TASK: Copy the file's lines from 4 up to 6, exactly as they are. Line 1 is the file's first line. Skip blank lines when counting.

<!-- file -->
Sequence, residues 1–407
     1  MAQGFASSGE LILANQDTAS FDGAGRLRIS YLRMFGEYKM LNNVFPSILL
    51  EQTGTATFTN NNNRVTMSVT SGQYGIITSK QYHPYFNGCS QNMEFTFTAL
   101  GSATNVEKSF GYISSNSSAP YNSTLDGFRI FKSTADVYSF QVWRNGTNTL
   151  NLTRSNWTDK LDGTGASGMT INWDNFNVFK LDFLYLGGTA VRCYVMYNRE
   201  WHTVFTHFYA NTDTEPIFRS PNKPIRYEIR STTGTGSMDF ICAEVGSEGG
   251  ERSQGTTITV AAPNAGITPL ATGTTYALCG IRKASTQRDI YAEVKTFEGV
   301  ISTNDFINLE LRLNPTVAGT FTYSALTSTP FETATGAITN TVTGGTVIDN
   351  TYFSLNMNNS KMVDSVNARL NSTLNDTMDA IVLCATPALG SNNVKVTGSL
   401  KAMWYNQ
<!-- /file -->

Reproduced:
   101  GSATNVEKSF GYISSNSSAP YNSTLDGFRI FKSTADVYSF QVWRNGTNTL
   151  NLTRSNWTDK LDGTGASGMT INWDNFNVFK LDFLYLGGTA VRCYVMYNRE
   201  WHTVFTHFYA NTDTEPIFRS PNKPIRYEIR STTGTGSMDF ICAEVGSEGG